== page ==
Cool your mom has another book coming out.

    ReplyDelete
  20. Great tips, Chrys! I've yet to do a reading of my own work to the public, but have been in a position that required speaking in seminars and training programs. It's nerve-wracking, but I'm usually okay once I get started. I like your idea of recording yourself & practicing in front of family & friends.

    ReplyDelete
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    1. I'd be even more nervous to speak at a seminar or training program. GULP!

      Delete
  21. I shake in my boots being in front of people, but I have to do this all the time at my job.

    Teresa c.

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    1. What do you do to settle your nerves?

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  22. Hi Chrys - practice does it ... makes life so much easier as you go along ... I need to write it all down and time it ... and then read slowly and clearly, but not look like I'm reading - always looking up at the audience. I've got one to do in 11 days ... but it's not to an official audience to an organisation - great tips you've given us. Cheers Hilary

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    1. When I had to do my speech, I had notes on note cards to remind me of each thing I wanted to say in case I got stuck. It helped a lot.

      Delete
  23. Great tips! I wish I had them last month when I did my first reading... Oh, well. Now I have them for next time ;-)

    Ronel visiting on Insecure Writer's Support Group day: Autumn Decisions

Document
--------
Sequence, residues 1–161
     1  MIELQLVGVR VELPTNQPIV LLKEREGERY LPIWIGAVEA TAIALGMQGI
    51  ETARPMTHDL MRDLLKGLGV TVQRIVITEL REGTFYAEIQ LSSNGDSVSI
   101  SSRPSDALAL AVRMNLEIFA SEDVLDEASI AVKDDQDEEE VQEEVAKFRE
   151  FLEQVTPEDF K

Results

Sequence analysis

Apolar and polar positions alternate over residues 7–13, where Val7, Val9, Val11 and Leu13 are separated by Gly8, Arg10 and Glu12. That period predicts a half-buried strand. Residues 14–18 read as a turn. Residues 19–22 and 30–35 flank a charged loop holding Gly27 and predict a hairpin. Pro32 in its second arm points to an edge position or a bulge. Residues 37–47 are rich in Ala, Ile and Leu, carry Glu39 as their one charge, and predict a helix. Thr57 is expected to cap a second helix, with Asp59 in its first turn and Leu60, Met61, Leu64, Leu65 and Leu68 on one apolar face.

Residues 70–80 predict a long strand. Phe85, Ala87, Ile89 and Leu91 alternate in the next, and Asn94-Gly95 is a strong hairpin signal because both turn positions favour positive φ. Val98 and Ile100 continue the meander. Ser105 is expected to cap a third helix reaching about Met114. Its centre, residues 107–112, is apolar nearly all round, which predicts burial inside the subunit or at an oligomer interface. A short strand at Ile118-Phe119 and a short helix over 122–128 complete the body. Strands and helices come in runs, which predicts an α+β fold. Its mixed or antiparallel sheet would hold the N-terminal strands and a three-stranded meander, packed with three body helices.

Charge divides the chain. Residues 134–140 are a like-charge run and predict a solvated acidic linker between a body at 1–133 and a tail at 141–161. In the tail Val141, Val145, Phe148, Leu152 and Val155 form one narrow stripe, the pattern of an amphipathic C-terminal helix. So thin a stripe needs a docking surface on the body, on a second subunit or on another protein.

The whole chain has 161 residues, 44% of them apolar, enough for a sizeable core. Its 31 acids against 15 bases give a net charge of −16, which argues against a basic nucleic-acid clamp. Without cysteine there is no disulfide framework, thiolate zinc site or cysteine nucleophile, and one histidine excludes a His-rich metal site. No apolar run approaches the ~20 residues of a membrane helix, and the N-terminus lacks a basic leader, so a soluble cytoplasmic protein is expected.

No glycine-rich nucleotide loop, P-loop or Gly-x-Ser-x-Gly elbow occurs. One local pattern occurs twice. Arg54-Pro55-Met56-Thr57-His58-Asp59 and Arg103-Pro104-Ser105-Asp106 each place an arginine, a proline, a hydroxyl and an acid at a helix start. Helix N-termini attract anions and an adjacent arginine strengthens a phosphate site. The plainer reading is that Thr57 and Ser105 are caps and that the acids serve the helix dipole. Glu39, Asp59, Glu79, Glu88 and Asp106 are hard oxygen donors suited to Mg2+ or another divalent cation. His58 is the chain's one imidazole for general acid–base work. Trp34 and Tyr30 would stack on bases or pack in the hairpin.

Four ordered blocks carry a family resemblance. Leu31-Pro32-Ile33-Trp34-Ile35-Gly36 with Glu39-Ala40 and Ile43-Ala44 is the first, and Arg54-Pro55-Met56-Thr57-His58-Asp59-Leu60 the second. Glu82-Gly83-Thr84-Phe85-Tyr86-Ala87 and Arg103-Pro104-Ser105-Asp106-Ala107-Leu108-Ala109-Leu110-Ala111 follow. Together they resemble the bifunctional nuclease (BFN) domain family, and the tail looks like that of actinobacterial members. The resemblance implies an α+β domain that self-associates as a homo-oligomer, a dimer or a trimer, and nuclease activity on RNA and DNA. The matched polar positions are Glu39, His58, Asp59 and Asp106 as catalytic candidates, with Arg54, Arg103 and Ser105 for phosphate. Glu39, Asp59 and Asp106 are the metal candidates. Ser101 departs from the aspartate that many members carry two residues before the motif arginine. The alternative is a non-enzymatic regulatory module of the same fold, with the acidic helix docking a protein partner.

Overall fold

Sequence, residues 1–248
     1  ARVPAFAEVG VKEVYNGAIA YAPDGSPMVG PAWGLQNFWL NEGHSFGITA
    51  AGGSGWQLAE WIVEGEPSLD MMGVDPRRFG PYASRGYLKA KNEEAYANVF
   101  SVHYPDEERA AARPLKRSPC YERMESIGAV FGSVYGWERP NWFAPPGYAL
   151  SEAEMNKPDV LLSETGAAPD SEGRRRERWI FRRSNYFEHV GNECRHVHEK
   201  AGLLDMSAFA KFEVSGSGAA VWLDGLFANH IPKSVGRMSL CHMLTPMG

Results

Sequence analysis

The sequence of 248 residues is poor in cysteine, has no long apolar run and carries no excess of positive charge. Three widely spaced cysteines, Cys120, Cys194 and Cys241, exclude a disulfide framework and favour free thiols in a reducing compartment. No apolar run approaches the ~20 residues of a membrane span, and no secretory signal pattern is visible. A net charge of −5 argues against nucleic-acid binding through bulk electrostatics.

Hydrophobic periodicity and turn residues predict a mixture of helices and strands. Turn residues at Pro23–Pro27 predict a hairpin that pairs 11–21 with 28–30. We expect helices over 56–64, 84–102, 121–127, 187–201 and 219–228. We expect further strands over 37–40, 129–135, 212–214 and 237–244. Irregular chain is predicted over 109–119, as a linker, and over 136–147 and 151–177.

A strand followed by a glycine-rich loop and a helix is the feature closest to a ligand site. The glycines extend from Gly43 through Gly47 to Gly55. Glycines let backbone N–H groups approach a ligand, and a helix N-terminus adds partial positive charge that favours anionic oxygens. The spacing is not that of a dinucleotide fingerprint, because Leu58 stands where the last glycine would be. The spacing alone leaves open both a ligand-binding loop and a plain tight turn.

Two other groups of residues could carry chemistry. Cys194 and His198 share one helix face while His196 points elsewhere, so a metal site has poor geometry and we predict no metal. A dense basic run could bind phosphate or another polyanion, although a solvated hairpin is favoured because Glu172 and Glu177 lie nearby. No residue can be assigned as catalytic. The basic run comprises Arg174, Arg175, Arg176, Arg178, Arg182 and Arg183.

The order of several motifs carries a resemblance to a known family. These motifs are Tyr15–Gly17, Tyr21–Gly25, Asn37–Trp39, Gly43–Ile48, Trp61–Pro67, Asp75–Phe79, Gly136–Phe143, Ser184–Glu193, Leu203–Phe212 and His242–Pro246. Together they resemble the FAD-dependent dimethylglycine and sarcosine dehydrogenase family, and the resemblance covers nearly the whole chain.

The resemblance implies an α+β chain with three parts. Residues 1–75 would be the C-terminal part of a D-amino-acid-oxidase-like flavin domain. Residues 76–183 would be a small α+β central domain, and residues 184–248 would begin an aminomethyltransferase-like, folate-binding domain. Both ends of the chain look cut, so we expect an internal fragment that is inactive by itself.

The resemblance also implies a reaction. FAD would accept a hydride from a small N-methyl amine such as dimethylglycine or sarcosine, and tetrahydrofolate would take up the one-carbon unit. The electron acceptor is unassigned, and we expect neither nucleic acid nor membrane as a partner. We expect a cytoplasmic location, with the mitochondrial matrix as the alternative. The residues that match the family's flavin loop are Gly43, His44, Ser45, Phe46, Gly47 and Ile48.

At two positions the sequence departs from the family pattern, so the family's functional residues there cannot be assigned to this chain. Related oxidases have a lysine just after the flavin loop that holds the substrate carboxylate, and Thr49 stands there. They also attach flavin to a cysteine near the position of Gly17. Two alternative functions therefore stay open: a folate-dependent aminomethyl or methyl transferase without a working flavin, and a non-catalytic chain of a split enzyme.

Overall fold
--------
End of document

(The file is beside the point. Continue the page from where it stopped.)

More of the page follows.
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    1. I hope these tips help you in the future. :)

      Delete
  24. Nope, never done a book reading. (Haven't finished writing a book ;) But I have read in public. Lots. In classrooms. It actually isn't too bad when you've had all the practice I've had ;)

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    1. I wouldn't mind reading to kids. :)

      Delete
  25. All excellent advice! No book readings, per say, but as a lawyer, I've argued my briefs in court and made various professional presentations for years. I am a rare person who actually enjoys doing so. I've had people say I have a 'gift' for public speaking, but that 'gift' is backed by hours of preparation and practice practice practice, with the techniques you've outlined.

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    1. You are a rare person! I love that. I wish I had your grit.

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  26. Those tips are great--haven't done a book reading yet (not having finished a book worth that kind of effort) but I've had to do presentations back in college and it was petrifying. I think I'd be better at them nos if I could actually ever learn to project my voice a bit.

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    1. Presentations as a student are awful. I hated having to do them.

      Delete
  27. This sounds absolutely terrifying and yet...I find myself interested in some bizarre way. I'd have to figure out a way to do a reading on my blog and yet remain anonymous. Scary mask? Nope, that's a terrible idea. People already think I'm bananas. Maybe sound, but no video. Hmmm, food for thought. Thanks, Chrys!